“Hello, I’ve found a bit of coal.”

    “Have you really?”

    “Yes, no doubt about it. This black substance is coal all right.”

    “Jolly good, the very thing we’re looking for.”

    It’s just not enough to keep the mind alive, is it? I sought solace in
    the printed page, quite frankly. I’m quite interested in the world of
    literature… But the trouble is, all this knowledge I’ve got out of,
    is useless – useless as regards to judging. They require Latin for it.
    I wish I’d ‘ad it because it’s safer work, judging, than mining.
    You’re not troubled by falling coal, for one thing… You get judges
    remarking on it. They say, “Hello, no much coal falling these days!”

    And what’s more, being a miner, as soon as you’re too old and tired and ill and sick and stupid to do your job properly, you ‘ave to go.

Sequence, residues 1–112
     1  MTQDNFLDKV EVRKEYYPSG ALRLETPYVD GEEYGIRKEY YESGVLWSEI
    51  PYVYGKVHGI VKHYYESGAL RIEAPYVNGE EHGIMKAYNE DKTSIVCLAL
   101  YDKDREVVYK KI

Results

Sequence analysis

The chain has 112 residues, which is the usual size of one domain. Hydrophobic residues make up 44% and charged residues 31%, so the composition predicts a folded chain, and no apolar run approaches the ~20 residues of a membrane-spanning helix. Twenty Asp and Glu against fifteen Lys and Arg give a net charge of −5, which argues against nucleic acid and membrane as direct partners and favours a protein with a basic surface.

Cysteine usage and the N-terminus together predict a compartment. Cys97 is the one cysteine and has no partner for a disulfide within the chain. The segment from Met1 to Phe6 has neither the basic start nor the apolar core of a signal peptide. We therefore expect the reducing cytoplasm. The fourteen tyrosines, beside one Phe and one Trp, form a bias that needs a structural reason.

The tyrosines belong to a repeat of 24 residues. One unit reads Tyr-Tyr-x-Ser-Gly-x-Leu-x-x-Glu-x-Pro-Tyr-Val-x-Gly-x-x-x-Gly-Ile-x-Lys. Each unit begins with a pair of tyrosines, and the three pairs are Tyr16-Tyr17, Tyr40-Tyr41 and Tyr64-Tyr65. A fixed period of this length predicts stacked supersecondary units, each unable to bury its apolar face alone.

But the very opposite applies to judges – so all in all, I’d rather
    have been a judge than a miner.

  2. I qualified as a lawyer in England in 1972. My admission certificate was signed by Lord Denning, who was surely the antithesis of Harper’s idea of a judge. My tutor at Law School used to say *And now we come to another example of Denning versus the law.\

    I was lucky enough to hear him speak to a small group of local government lawyers some years later. His own words were \I never let the law stop me from doing what I thought was right. Mind you, since I was elevated to the Court of Appeal, my chances of doing what was right have shrunk to 2-1 against.\ A marvelous man; even though sometimes he went too far, the Bench, and the law, would have been immeasurably poorer were he to have been excluded,as he surely would have been under Harper’s guidelines.